This case divided opinion as to the seriousness of Mr Thompson’s misrepresentation, particularly as his performances in previous roles had earned him considerable acclaim. However, Yahoo! had exposed themselves to potential litigation by using Mr Thompson’s degree information on regulatory filings, and the ongoing discussions about his background continued to be a distraction from becoming established in his new role. So much so that the decision has been made that Mr Thompson is to step down as CEO. Not only will Yahoo! now have to undertake another expensive and time consuming search for his replacement, his departure also comes at the expense of other existing directors who were responsible for his employment. More so, over the past number of weeks Yahoo! has been the focus of considerable media attention for all the wrong reasons, and its board’s reputation to make decisions in the best interests of all stakeholders tarnished.

This is certainly not the first time a company has suffered the indignity of having to replace senior executives. Last year the chief executive of InterContinental Hotels Group’s Asia-Pacific operations, Patrick Imardelli, resigned after it was discovered that he had misrepresented his academic record on his CV.

This issue could have been addressed if companies:

  • Conducting a detailed background check to ascertain the overall accuracy of an individual’s CV including all previous work and study credentials
  • Detailed research into the person’s profile in International media in each of the markets where they have lived, carried on business or managed people
  • Interviews with other colleagues, business associates, and previous employers to address the overall integrity of the person in all markets in which they have worked
  • Interviews with the person to assess their understanding of compliance and legal risks, their approach to ethical and integrity issues and their answers to a series of hypothetical corporate situations posing ethical challenges and testing their responses along the way
  • The conducting of psychometric testing based on integrity issues to assess independently the responses to certain situations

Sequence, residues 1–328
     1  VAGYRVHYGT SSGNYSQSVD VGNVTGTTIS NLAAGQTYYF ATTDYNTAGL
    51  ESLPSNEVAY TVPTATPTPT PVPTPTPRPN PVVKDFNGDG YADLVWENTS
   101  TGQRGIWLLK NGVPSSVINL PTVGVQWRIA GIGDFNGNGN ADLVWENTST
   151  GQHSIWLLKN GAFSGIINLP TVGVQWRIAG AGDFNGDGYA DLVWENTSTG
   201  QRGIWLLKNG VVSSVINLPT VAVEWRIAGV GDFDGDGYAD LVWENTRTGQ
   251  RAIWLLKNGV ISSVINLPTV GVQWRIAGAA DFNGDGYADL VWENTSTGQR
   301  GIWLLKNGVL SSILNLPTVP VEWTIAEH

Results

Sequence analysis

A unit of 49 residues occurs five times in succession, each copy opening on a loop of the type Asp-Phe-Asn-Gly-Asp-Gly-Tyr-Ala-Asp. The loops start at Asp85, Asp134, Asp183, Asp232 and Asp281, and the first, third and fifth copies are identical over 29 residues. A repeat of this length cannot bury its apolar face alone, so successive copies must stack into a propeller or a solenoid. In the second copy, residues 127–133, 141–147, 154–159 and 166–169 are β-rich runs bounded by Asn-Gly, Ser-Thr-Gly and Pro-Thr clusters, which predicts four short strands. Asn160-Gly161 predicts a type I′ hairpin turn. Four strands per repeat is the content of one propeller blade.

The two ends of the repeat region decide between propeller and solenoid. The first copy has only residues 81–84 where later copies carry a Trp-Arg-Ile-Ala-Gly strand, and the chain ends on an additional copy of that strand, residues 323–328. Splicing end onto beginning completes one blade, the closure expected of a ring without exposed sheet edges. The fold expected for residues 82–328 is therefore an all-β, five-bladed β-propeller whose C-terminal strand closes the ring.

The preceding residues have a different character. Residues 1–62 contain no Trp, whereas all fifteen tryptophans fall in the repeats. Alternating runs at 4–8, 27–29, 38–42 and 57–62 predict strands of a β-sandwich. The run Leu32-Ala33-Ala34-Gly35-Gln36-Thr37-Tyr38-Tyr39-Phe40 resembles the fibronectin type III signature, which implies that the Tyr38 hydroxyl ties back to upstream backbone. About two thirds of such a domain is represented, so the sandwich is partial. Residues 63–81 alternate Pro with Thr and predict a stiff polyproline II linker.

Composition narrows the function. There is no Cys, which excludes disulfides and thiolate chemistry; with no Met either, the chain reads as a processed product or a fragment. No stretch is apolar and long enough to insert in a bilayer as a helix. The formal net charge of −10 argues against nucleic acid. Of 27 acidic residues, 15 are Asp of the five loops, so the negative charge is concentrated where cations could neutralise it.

Background screening and integrity assessments should be an essential part of the hiring and promoting process. This is important with all new employees, but even more so with those moving into senior positions. The incident involving Mr Thompson will for some time remain a blight against Yahoo! in the eyes of some of its shareholders, but they will no doubt adopt screening measures to heavily scrutinise all candidates in the future. Whilst undertaking extensive screening operations can be time consuming and costly, it is not as damaging to an organisation as disharmony amongst shareholders when it is discovered that a recently appointed individual’s credentials are false.

============================================================================================

For more information on the Red Flag Group, click here.

============================================================================================

This publication contains general information only and is based on the experiences and research of the author. The author is not, by means of this publication, rendering business, legal advice, or other professional advice or services. This publication is not a substitute for such legal advice or services, nor should it be used as a basis for any decision or action that may affect your business. Before making any decision or taking any action that may affect your business, you should consult a qualified legal advisor. The author, his affiliates, and related entities shall not be responsible for any loss sustained by any person or entity that relies on this publication. 

Blog at WordPress.com.